These Techniques Find Bearing Faults
EP Editorial Staff | April 10, 2023
Six condition-monitoring technologies can help you prevent catastrophic motor-bearing failure.
By Chris Johnson, SMB Bearings
It is estimated that bearing faults account for approximately half of all failures in electric machines. The consequences of failure can result in unplanned downtime, machine breakdowns, equipment damage, and financial losses. To prevent this and ensure consistent performance, effective bearing maintenance is essential. However, when a single machine can contain numerous bearings, how can this be managed?
Of the often hundreds of bearings found in machines, most of them will outlive the machine itself. In fact, very few bearings actually fail in service. Unfortunately, when they do, the impact can be significant. Having an effective condition-monitoring strategy in place helps to mitigate this risk.
Vibration monitoring and analysis is one of the most common ways to measure bearing performance and implement predictive maintenance. Machinery emits vibration signals, as does the movement and interaction between components within the bearing itself. Any changes in these signals that aren’t caused by changes to operational conditions can indicate an issue with machine health.
Typically faults in moving components such as bearings are responsible for signal changes. These changes can be detected using equipment such as accelerometers and vibration velocity transducers. These defective signals may be caused by geometric imperfections, surface roughness, improper lubrication, or contamination.
Vibration monitoring is an acceptable and reliable form of condition monitoring, with standards such as ISO 10816 available for vibration evaluation. When implemented correctly it can be an extremely effective way to detect bearing faults, but it can be costly to set up and requires direct access to the machine to install sensors.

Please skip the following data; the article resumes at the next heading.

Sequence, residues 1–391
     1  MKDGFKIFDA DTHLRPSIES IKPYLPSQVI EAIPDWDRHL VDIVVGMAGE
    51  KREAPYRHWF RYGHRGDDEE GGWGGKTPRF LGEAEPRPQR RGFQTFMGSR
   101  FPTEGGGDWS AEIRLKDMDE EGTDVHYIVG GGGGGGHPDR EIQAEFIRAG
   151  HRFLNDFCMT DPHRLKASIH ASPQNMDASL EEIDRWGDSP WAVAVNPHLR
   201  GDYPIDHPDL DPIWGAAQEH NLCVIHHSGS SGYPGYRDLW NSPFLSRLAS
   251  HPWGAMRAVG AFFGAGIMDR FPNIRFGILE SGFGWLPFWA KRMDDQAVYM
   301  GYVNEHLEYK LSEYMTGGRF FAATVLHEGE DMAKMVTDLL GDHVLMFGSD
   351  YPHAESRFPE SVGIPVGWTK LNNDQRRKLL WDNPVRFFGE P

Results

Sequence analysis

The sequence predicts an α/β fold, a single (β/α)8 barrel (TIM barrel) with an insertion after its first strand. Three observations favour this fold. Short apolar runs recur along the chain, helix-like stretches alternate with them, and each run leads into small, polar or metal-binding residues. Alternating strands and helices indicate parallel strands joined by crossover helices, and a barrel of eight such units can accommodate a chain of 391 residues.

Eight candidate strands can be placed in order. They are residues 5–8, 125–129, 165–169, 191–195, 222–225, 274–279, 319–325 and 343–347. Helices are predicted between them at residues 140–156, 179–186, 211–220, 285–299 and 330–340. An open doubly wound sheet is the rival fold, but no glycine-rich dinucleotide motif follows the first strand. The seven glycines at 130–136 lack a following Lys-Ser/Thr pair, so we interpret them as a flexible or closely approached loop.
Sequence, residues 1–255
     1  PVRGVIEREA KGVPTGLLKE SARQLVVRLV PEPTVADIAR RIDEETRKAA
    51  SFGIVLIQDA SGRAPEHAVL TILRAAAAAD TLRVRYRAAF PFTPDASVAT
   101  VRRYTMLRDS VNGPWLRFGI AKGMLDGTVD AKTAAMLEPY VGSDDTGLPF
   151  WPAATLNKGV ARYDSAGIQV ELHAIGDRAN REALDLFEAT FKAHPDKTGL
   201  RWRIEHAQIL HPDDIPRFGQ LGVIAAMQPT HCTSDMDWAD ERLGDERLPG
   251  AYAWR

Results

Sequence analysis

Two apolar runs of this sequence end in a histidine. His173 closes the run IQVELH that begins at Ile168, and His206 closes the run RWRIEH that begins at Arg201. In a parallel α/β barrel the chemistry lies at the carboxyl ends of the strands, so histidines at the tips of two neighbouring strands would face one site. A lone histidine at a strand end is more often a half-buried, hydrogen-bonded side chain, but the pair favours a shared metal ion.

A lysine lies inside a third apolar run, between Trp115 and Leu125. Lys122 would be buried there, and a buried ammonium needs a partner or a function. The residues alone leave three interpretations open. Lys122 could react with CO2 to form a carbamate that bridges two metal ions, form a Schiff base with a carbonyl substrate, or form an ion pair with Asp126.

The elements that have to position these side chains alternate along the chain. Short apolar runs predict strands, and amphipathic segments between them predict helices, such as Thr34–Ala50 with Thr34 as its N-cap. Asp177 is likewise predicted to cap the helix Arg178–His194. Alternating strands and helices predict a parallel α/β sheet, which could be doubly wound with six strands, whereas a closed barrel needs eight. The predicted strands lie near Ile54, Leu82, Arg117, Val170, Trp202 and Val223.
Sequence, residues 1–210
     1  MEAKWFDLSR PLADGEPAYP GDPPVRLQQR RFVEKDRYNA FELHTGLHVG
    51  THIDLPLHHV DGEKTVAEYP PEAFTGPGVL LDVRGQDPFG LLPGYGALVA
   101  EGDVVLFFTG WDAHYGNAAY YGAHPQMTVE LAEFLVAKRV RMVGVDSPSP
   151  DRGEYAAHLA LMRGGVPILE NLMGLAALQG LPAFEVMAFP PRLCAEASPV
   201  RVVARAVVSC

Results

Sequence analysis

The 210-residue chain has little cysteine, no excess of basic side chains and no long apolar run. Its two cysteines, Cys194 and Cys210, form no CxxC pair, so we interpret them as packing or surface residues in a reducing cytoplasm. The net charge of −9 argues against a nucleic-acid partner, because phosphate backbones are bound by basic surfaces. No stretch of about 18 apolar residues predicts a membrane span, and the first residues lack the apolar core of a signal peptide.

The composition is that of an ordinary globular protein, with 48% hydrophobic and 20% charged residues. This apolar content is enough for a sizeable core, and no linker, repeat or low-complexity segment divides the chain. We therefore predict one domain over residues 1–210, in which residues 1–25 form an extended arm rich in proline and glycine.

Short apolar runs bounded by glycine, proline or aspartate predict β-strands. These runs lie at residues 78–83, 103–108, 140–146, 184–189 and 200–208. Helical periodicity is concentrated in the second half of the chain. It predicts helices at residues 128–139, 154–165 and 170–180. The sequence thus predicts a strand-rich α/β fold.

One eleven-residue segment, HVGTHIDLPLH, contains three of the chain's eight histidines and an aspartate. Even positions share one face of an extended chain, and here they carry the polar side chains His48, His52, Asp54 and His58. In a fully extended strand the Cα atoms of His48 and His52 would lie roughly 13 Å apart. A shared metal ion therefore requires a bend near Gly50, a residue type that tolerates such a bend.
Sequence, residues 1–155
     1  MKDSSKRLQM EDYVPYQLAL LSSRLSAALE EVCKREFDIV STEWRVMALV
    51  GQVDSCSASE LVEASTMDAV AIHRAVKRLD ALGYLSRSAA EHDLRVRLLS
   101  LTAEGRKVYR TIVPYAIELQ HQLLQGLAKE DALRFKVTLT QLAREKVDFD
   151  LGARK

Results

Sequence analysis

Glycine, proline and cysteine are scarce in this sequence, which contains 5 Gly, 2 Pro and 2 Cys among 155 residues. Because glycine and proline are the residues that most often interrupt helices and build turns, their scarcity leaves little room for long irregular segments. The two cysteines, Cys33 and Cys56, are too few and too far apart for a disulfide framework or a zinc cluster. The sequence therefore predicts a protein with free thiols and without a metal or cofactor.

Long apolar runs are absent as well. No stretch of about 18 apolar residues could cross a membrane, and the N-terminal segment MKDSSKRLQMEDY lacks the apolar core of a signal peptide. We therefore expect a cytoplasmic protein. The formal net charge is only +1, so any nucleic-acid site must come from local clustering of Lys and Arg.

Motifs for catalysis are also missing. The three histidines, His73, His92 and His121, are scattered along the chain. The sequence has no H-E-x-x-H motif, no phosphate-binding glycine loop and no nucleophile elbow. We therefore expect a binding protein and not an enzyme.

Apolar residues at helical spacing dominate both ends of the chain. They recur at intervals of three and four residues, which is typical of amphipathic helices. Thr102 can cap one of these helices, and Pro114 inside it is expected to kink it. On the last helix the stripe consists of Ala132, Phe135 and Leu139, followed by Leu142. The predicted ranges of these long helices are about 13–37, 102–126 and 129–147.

It may also not be suitable for low-speed machines or environments with high levels of noise, where defect signals may be weaker and harder to detect. This has been found to be the case in applications such as turbines, engines, and transmissions. For these cases, other methods might be more appropriate.
In environments with high levels of noise, low-frequency vibrational changes caused by such small parts are often almost undetectable. However, these defects produce waves in higher frequency ranges (100 kHz), known as acoustic emission (AE).
These transient elastic waves are produced by releasing energy caused by defects on the surface of a material or component. They can be generated by faulty or damaged bearings and picked up by an AE transducer with little interference from surrounding machinery. Though this can be a little more costly and the signals require expert analysis, this method can provide a high signal-to-noise ratio and be used in a range of environments to monitor bearing condition.
Bearings often rely on oil and grease to lubricate them and to ensure their function. Exposure to heat can degrade lubricants and produce chemical byproducts. General wear can also produce debris. Oils and greases can be analyzed to examine the debris present and to determine whether it has resulted from the wear or the bearing itself, which may suggest a wider fault and can be used to monitor conditions.